The Structural Strain Theory

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The articles A spate of random, cruel murders, committed by teens - coincidence or a sign? and Wagga Police: We can’t ‘arrest our way’ out of youth crime issues detail a number of deviant acts committed by teens in different areas across Australia. These deviant acts can be explained by four theories of deviance: cultural transmission, structural strain, control theory and labelling theory.

Cultural transmission theory developed by Edwin Sutherland is based on symbolic interactionist view that deviance is learned through interactions with other deviants. It focuses on the age, ratio and intensity; the age of the individual becoming deviant, ratio of deviants to conformists and the intensity of the interactions and relationship between the
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It explores the anomie that occurs due to the organisation or disorganisation of society; strains placed on the individual by society encourage them to achieve goals by deviant means. The four types of deviance according to this theory are innovation, ritualism, retreatism and rebellion. Innovation occurs when the individual accepts the goal but rejects the means, therefore achieving the goal using deviant means. An example of this is when Ryan Miller and Brad Stevens achieved the goal of possessing and driving a car by “stealing cars and doing drive-bys and stuff” (Guilliatt 2013). Ritualism occurs when the goal is abandoned but the means are continued, losing sight of the objective. Retreatism is when both the goals and means are abandoned and the individual is no longer a functioning part of society, and rebellion occurs when the goals and means are abandoned and replaced with new deviant ones. An example of rebellion is when Miller sets the goal of killing someone because he “Felt like killing someone” (Guilliatt 2013) then achieves it with the disapproved means of stabbing. This theory explains the high rate of crime in Glenfield Park as it is identified as a disadvantaged area that is well on its way to “lose a generation to the judicial system” (ABC 2015). This theory fails to explain how Miller and Stevens became …show more content…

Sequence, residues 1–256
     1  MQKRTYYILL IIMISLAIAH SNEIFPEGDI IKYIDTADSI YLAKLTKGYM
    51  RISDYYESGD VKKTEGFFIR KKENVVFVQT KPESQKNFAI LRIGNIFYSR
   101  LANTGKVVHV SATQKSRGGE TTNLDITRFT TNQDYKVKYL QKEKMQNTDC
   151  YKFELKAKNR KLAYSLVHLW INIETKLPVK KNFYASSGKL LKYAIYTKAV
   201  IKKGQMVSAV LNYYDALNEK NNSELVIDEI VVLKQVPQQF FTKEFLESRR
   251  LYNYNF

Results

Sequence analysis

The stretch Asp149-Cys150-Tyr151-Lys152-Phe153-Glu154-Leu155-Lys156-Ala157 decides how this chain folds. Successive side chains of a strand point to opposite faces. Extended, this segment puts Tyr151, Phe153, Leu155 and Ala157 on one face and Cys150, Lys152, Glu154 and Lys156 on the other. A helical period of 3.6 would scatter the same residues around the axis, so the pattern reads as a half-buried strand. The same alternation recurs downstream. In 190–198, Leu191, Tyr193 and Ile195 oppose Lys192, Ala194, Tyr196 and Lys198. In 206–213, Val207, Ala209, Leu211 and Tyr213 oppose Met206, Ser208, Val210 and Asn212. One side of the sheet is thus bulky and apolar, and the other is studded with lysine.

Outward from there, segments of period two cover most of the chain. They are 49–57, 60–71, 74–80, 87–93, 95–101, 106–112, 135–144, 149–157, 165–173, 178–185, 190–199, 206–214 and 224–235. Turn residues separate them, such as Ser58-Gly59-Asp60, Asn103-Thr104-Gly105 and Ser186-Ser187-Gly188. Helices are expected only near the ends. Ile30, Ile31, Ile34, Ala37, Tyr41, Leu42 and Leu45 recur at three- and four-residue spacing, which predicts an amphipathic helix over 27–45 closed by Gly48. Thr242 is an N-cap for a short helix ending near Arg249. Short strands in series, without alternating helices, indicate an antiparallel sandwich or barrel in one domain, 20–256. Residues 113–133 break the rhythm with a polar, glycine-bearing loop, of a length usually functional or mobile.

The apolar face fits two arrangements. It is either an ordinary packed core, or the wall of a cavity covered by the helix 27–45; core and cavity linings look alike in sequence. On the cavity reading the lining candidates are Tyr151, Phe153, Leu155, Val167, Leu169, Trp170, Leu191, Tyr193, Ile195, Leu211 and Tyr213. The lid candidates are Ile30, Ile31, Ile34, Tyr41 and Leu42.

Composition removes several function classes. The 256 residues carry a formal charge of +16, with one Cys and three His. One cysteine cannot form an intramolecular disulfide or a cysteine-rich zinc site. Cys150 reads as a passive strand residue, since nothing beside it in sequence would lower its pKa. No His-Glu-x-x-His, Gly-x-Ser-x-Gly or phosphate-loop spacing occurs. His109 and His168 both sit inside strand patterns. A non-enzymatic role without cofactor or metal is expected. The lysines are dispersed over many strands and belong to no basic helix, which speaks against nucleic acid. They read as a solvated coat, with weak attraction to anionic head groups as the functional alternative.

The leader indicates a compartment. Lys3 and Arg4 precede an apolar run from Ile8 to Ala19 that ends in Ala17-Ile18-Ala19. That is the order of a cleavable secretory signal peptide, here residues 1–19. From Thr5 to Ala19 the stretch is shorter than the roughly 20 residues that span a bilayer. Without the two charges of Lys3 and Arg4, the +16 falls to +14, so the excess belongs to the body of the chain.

It outlines that people who feel attachment (relationships with others), commitment (application to genuine goals), involvement (engagement in legitimate activities) and belief (values shared with dominant society) are less likely to deviate due to their emotional ties to other people and society. This theory helps explain how Miller became deviant because his parents marriage was described as “acrimonious… their continuing hostility had exposed him to domestic violence” and his father was later described to have “paid scant attention” to his activities (Guilliatt 2013), this means he would not have felt the attachment to his parents that could have prevented him from deviating. He would have also not felt involved with any social activities as he was described as a ‘social outcast, bordering retardation’. Miller’s lack of intelligence and unusual thoughts meant he did not share many values with larger society, another likely cause for his deviant behaviour. Young people in Glenfield Park would likely not feel any commitment to goals because of their lack of education, which would cause them to deviate. This theory explains the cause for deviance but not why the deviance takes the particular form it does; it clarifies why Miller became deviant but not why his deviance occurred in the form of violence and